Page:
Johnnie Walker celebrates manly progression, Persil unlocks the freedom to play, Apple empowers creative exploration.

In desire to keep these high value ideas fresh and contemporary, there could be a delineation between the brand in the hand – the most pure expression of what the brand stands for, and how it creates the energy and vitality around the idea.

Successful brands are like enormous wheels moving forward.  At their centre they move slowly, almost imperceptibly evolving.  And in this strength, solidity and clear focus the brand provides emotional reassurance.

Establishing that laser-like focus, what I call ‘polishing the crown jewels’, requires a ruthless dumping of the baggage and detritus that gets in the way of the core idea.

At their edges, where the brand wheel moves fastest, in communications, experiential, events, digital activity, the brand feeds off the energy and creativity of breaking new ground.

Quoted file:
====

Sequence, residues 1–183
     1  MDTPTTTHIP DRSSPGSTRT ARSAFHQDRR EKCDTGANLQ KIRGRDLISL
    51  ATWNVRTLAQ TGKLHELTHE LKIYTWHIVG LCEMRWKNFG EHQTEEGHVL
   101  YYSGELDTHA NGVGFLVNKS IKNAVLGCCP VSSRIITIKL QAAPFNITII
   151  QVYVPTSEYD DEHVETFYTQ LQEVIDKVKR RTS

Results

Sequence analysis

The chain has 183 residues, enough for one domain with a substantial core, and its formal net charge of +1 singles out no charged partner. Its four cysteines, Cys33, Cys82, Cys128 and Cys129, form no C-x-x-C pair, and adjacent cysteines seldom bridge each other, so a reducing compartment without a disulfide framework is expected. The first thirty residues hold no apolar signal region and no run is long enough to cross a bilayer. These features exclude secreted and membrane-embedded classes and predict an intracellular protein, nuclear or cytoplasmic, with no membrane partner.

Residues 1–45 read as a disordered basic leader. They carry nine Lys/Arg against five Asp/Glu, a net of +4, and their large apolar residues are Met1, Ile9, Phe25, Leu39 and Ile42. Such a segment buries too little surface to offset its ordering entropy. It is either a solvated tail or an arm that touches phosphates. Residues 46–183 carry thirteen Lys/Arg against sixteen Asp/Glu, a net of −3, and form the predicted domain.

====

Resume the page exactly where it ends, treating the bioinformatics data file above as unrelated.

And in a world of fragmenting media, freshness of expression is needed, to grab and hold consumer attention.

Limited Editions stand somewhere in the middle.  A marketing tool for generating interest but one that remains right at the heart of the ‘moment of truth’, when consumers are looking for brands to deliver on their promise.

Striking the right balance between freshness and focus is a tough challenge that requires navigating a fine line.

Sub-contracting this process to consumers demonstrates interactivity but does it really show the imagination brands strives for?

Mary Lewis.

Creative Director Lewis Moberly.